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Re: Upper size limits in dinosaurs and whales
> Well, of course, along comes David Gillette's book on Seismosaurus, with
> estimates in the hundred-ton range for both Seismosaurus and Ultrasaurus.
> So much for my point.
> What I would like to know, though, is: are these weight estimates generally
> accepted? Has anyone analysed the mechanics of such a beast? And is the
> reason a large whale dies on the beach independent of size (as it might be
> because even dolphins die during strandings, I suppose).
> How can whales grow so large?
A whales diet is also very high in protein and contains many nutriants
that is not found in the kind of diet sauropods may have had.
Whale live in a thermally consistant environment, where as sauropods had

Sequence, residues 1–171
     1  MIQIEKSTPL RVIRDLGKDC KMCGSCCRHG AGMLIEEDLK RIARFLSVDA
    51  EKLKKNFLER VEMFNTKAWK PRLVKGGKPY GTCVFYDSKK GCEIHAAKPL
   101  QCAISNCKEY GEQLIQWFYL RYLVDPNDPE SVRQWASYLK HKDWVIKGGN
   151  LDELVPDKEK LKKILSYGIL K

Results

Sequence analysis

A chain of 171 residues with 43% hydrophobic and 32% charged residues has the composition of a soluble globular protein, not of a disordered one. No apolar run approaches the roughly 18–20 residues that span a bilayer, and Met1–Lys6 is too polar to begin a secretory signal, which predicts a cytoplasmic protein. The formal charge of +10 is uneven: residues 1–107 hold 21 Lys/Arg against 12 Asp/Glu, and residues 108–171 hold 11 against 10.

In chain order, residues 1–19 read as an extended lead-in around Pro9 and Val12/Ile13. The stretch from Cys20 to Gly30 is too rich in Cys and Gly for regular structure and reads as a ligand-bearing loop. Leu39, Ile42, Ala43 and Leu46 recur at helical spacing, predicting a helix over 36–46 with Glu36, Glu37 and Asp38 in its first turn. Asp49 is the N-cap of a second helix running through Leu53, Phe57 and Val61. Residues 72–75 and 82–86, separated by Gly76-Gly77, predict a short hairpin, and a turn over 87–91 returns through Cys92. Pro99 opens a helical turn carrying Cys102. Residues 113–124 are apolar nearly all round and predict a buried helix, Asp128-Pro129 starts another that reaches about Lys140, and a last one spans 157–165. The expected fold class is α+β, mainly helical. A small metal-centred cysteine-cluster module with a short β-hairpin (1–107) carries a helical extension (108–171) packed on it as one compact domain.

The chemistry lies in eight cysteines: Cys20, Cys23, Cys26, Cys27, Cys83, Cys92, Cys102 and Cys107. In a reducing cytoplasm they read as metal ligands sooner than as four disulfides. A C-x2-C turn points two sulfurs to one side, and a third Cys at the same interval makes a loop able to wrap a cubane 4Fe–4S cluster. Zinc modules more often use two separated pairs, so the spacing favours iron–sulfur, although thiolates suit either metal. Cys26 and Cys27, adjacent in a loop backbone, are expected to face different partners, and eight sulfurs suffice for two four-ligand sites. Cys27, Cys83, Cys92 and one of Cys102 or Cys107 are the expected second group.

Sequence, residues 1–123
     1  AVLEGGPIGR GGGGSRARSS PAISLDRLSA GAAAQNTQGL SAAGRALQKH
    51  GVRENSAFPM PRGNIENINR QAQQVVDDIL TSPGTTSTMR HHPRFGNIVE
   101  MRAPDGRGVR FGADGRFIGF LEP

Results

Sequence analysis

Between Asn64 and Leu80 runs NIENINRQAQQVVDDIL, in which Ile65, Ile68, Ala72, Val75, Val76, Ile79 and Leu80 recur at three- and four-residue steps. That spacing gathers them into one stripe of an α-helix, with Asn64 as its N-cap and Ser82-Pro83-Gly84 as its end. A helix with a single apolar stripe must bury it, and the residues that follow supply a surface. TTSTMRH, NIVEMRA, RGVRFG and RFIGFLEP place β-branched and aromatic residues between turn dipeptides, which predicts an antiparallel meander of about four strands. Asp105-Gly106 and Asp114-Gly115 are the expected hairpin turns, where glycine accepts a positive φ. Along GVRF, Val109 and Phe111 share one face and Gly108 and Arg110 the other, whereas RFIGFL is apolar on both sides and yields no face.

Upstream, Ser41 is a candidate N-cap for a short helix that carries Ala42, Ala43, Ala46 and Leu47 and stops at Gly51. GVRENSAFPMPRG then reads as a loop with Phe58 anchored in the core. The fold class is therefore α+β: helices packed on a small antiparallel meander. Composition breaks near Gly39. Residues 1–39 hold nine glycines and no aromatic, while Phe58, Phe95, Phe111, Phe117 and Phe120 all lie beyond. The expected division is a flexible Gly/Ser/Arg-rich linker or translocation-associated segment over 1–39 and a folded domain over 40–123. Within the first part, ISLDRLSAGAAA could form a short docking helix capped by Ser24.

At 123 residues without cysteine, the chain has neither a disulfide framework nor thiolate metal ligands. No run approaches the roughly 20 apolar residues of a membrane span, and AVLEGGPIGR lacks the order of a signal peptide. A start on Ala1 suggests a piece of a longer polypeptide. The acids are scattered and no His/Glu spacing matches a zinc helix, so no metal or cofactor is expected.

to overcome the problem of heat regulation due to changing temperature and
exposure versus large mass.
> Water can support the weight of even the largest whale. On land, a
> hundred-ton animal might be crushed by its own weight.
> On land, very big animals have a problem - gravity. Even the largest
> dinosaurs were much lighter than a blue whale [WELL, I GUESS THAT ISN'T
> TRUE!] In the ocean, whales don't have that problem because water buoys
> them up. They still need vast amounts of food to supply their huge bodies,
> but their size helps them retain heat in icy waters.
> A whale stranded on a beach, though, is in trouble even though it can
> breathe air. It may overheat in the sun, and the weight of its body can
> crush its internal organs. many people try to help stranded whales, but it
> is very difficult to do this properly.
There is so much we do not know of cetans (some believe beaching behavior
is caused by illness and individuals and maybe entire pods will beach
themselves for the good of the healthy members and will even refuse to be
put back to sea).
As for sauropods and other dinosaurs I believe even larger ones than
Seismosaurus will be discovered. The Late Jurassic and Late Cretaceous
are definitely producing very large remains.